For the past several years I have enjoyed listening to the homilies of Fr. Patrick Henry Reardon on Ancient Faith Radio (for those of you unfamiliar with him, he is a an Antiochian Orthodox priest in Chicago; I believe he was originally Catholic. I highly recommend his Christ in the Psalms, a book with short meditations on the Psalms.)
Fr. Reardon’s most recent podcast [you can find it above], for Meatfare Sunday (also known as Sunday of the Last Judgement) – the penultimate Sunday before Lent starts in the Byzantine calendar – was quite insightful. What especially stayed with me was the explanation of the latin term munus.
Father says that munus is a rich concept, which expresses both gift and task. The most obvious example, on a natural level, is that of children: they are God’s gift to parents, yet they are also a task, as God has entrusted their upbringing to the parents. He also mentions that being a human being is a great responsibility, that it is an honor that God bestows on no other creature; that if we have been given this great gift, then we have the obligation/responsibility to live a virtuous life; that rights without obligations are meaningless, and that we have the former so that we can fulfill the latter. I can’t do justice to the homily, so I recommend listening to it (also, Fr. Reardon’s deep voice is also quite pleasant to listen to 😉 ).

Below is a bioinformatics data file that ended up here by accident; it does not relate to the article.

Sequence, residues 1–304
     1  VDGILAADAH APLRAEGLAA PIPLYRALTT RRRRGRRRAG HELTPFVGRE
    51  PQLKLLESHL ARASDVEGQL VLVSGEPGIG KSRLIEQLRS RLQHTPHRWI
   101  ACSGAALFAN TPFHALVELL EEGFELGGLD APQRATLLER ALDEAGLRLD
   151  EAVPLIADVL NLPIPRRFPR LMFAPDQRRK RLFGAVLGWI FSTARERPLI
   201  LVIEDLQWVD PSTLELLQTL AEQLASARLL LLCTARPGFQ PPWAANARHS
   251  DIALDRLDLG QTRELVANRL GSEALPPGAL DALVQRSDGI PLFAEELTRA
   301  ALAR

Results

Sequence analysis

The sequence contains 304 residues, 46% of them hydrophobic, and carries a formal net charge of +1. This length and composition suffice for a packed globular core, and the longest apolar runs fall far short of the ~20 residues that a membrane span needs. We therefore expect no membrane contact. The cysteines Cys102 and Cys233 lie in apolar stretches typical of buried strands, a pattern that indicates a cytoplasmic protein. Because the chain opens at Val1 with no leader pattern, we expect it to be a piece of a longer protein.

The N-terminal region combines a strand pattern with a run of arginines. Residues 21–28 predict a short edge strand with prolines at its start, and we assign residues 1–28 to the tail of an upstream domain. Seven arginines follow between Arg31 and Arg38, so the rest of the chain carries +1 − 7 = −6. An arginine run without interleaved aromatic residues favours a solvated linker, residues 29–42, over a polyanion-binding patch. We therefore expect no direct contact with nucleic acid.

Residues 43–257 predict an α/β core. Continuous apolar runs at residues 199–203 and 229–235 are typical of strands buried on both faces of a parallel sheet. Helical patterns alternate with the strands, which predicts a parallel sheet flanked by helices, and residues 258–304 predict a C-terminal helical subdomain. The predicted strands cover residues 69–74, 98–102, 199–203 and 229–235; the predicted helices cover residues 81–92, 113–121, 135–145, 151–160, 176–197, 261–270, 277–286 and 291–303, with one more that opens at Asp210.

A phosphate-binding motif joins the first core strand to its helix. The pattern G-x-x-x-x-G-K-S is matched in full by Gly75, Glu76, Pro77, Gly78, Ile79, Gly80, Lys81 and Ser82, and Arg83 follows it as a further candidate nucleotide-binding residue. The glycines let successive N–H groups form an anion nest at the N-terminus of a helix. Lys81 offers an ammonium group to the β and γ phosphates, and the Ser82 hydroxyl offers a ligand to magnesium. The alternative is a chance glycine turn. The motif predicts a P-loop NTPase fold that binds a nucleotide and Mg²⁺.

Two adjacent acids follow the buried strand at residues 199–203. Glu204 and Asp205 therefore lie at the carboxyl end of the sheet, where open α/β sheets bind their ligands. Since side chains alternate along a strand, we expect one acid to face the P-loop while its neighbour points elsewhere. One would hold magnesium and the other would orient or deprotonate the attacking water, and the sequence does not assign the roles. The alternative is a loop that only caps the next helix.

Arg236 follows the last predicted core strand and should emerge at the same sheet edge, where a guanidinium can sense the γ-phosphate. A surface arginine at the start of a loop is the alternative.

We hear a lot about God’s love being a free gift. And this is true – God’s love for us is free, i.e., we have done nothing to merit it. But it isn’t free in a no-strings-attached kind of way, as it is implied by society around us (when it is even acknowledged), or by watered-down approaches to our Faith. God’s love for us is munus – it is a gift which, if accepted, demands a response. If we accept this free gift of God’s love then we have the obligation of conversation morum, of conversion of life; if we want to love Him back, then we must show that love in concrete ways, by living a virtuous life, united to His Son’s Mystical Body.